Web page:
Shalom Shaarei Kodesh,
I'm writing to you from Camp Ramah Darom in Clayton, Georgia. I want to begin by thanking our leadership who gives me the opportunity to give back to the Jewish world by being here and also giving me an opportunity to connect with our campers from Shaarei Kodesh. Despite some challenges with Covid, our Shaarei Kodesh campers are having an incredible summer!
For those who do not know, I was on staff at Camp Ramah Darom, the Conservative movement’s camping movement, starting in 1998, the second year of the camp’s existence. At the time, it was about half the size, both in campers and staff, but also in the places built. With every passing year, more and more places were built, and with every new place, a new part of the camp was discovered by campers and staff alike. Incredible experiences happen in these places year after year. Each experience is different, and yet, they are similar.
In this week’s double parashah, Matot-Masei, we read a review of the list of places that Bnai Israel went in the wilderness. The places are read with a special trope, and, it can seem a bit repetitive and a little tedious. However, imagine if you visited those places and had experiences, both positive and negative, in them. In many ways, this is the story of our lives. If we give ourselves the time to reflect, we revisit the places in our lives where we fell short, where we triumphed, where we experienced God, where we fell in love, where our hearts were broken, where we healed, and through it all, we recognize how we’ve grown.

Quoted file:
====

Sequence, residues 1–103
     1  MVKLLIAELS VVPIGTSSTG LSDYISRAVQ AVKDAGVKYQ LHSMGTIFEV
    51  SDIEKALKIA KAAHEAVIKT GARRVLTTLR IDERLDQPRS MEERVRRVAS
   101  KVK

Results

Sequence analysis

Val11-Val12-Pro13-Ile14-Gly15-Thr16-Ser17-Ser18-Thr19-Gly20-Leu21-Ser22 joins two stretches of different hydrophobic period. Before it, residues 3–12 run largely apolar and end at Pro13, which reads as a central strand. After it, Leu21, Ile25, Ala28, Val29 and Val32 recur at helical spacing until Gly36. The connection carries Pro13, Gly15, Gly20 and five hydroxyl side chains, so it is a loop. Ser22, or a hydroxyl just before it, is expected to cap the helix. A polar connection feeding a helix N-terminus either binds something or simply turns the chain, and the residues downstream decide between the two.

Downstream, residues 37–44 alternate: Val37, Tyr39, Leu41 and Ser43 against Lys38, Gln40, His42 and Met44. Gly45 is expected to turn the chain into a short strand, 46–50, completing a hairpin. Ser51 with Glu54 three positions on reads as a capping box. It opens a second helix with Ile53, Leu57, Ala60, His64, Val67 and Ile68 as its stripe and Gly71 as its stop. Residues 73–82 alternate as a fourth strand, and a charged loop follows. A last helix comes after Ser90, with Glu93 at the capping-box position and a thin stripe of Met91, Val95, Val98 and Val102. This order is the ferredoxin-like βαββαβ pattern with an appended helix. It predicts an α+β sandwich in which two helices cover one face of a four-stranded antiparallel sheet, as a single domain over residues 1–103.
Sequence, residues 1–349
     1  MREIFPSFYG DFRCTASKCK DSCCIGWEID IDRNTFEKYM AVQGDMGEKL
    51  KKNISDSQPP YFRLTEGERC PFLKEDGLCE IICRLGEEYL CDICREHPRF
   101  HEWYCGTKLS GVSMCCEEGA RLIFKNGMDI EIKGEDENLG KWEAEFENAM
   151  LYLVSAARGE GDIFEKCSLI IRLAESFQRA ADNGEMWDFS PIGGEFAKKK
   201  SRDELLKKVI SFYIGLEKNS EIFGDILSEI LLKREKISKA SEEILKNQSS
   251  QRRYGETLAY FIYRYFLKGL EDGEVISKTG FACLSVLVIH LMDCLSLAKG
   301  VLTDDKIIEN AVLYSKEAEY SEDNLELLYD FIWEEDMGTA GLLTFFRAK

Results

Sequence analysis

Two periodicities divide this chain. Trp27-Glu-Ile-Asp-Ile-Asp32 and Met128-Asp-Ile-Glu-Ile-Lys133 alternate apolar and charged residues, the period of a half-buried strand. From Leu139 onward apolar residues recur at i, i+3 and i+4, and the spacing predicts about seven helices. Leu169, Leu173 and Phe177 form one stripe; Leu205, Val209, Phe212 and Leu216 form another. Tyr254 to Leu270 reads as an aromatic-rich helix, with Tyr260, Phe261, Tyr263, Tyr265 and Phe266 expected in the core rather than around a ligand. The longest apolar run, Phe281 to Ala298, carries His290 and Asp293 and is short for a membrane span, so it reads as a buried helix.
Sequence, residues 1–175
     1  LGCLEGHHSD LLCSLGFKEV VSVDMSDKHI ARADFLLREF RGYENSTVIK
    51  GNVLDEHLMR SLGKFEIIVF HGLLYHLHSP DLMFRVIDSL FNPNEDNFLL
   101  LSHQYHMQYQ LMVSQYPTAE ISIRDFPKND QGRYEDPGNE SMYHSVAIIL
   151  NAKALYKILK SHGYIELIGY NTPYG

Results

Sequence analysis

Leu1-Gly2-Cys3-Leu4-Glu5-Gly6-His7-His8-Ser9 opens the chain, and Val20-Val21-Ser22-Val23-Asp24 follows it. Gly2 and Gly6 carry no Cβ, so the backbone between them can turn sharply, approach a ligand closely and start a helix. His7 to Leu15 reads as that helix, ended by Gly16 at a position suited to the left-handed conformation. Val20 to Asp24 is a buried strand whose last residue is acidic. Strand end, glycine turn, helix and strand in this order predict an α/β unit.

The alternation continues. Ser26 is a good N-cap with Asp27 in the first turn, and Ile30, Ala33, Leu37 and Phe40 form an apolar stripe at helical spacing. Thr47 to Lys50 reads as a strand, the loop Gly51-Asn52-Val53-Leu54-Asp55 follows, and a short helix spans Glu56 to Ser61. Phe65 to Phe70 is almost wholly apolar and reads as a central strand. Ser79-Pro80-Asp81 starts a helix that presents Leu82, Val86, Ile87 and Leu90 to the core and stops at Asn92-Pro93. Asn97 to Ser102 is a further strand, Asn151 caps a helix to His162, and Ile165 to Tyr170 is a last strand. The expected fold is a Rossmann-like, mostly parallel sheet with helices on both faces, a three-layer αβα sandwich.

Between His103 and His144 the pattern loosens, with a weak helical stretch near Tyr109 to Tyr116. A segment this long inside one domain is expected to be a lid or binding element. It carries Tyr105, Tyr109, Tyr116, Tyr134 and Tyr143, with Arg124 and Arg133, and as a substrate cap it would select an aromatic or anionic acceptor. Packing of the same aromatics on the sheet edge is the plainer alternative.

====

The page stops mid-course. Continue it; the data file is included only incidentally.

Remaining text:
There is a hidden message in this list of places. A midrash teaches: “It is like the case of a king whose son was ill. He took him to a certain place to cure him. On their return journey, his father began to recount all the stages, saying: “Here we slept; here we cooled ourselves; here you had a headache.” So God said to Moses: “Tell them all the places where they provoked Me.”
My friend, Rabbi Jeff Salkin, taught the following about this midrash, “God remembers every step on the Jewish people’s journey. It’s like your parents keeping old photographs of you from when you were growing up. You were not always an easy child. But your parents like looking at the photographs and remembering, and hopefully you do too. Second, what goes for the ancient Israelites goes for us. Each of us is a product of a journey that is both ancient and modern.”
One of my favorite aspects of being at camp is to see our campers from Shaarei Kodesh have their own holy experiences in the same places where Alissa and I did over the years. It is truly an honor to see our children grow in this magical place.
I'd like to end with an article where I was interviewed by the national director of Camp Ramah, (at the time) Rabbi Mitch Cohen, which highlights the 'magic' I've experienced through my years at Camp Ramah.
I wish you all a Shabbat Shalom and look forward to seeing you all in two Shabbatot back in Boca Raton!
Rabbi David Baum